Researchers in the Cockrell School of Engineering at The University of Texas at Austin have built a new type of battery that combines the many benefits of existing options while eliminating their key shortcomings and saving energy. Most batteries are composed of either solid-state electrodes, such as lithium-ion batteries for portable electronics, or liquid-state electrodes, including flow batteries for smart grids. The UT researchers have created what they call a “room-temperature all-liquid-metal battery,” which includes the best of both worlds of liquid- and solid-state batteries.

portrait of jean anne incorvia in her office

Jean Anne Incorvia literally works at the interface between software and hardware. She is a physicist, materials scientist and electrical engineer simultaneously. An assistant professor in the Cockrell School’s Department of Electrical and Computer Engineering, her key interests lie in developing the computer systems of the future – computers powered and operated through nanotechnology, quantum mechanics and, most recently, the emerging field of neuromorphic computing.

Nearly five years after Monochrome for Austin’s installation on campus — the sculpture of cantilevered, cascading canoes that suspends above Speedway in front of the Norman Hackerman Building — Landmarks, the public art program of The University of Texas at Austin, hosted a virtual event to explore the engineering behind its creation. The event streamed live on Facebook on June 24 and featured a panel of Monochrome artist Nancy Rubins, project engineer Jaime Garza (B.S. Architectural Engineering 2002), Cockrell School civil engineering professor Tricia Clayton and Cockrell School Dean Sharon Wood.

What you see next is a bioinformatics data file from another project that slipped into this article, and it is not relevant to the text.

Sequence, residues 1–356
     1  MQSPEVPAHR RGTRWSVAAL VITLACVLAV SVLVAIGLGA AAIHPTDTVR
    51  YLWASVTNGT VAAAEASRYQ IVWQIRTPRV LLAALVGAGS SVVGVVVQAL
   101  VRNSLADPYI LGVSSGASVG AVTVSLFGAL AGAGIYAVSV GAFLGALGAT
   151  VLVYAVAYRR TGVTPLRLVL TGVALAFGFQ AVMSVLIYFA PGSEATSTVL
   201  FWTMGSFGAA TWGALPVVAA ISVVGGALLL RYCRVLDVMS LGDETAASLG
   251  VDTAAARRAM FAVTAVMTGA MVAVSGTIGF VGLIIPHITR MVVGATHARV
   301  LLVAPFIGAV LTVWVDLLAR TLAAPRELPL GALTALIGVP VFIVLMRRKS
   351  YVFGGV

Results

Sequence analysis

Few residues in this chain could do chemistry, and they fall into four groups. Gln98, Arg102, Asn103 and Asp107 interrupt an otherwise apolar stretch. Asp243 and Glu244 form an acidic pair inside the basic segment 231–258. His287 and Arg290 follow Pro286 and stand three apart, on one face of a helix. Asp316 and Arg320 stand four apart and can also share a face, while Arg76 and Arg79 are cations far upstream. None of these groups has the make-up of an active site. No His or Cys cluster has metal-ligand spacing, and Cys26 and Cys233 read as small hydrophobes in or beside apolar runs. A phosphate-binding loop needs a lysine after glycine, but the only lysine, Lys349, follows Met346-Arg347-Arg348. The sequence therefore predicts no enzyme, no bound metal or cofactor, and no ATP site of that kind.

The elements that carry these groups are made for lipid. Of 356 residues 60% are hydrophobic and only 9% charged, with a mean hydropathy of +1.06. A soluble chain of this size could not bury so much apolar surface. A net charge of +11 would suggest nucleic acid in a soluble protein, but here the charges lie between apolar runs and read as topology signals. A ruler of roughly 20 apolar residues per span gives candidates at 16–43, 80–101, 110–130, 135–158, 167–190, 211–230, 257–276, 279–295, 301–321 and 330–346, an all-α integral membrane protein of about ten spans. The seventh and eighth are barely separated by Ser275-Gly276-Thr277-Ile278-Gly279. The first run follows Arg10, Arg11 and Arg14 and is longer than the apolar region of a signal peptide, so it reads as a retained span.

Chandra Bhat, professor in the Department of Civil, Architectural and Environmental Engineering, has been elected president of the Council of University Transportation Centers. The council established in 1979 by the major transportation research centers and institutes in the U.S. to provide a forum for educators and researchers to interact with government and industry. Bhat will serve as President for one year, until June 2021.

close up view of chip sensor

The novel coronavirus has been compared with the flu almost from the moment it emerged in late 2019. They share a variety of symptoms, and in many cases, an influenza test is part of the process for diagnosing COVID-19. Researchers at The University of Texas at Austin are now developing a new sensor that can tell the difference between the two illnesses and test for both simultaneously. 

When UT operations research and industrial engineering graduate student Kyoung Kim approached his professors in 2017 with an idea to use logistics to help with disaster planning, he had no idea the biggest disaster in a century would, in a few months, ravage the Texas coast.

A type of beetle capable of regulating its body temperature in some of the hottest places on Earth is the centerpiece of new research with major potential implications for cooling everything from buildings to electronic devices in an environmentally friendly manner.

The Cockrell School of Engineering at The University of Texas at Austin has named distinguished researcher and professor Delia Milliron as the new chair of the McKetta Department of Chemical Engineering. She will begin her appointment on January 16, 2021, succeeding the department’s current chair, Thomas Truskett.

Chloe Johnson pivoted between three computer monitors alongside fellow graduate student, Patrick Mortimer, as she powered the rotor testing rig, tucked away in a non-descript hangar on UT Austin’s J.J. Pickle Research Campus. The adjoining room soon filled with the glow of green lasers, perfectly placed to capture the rate at which particles from a fog machine illuminated by lasers pass through two propeller blades – data that will be crucial to the future of urban air mobility.

Sensors for monitoring cancer patients remotely; new water treatment options; satellites to analyze climate change’s impact on oceans – these are just a handful of 11 new innovative research projects from the UT Austin Portugal program, backed by a major technology initiative through the Portuguese government.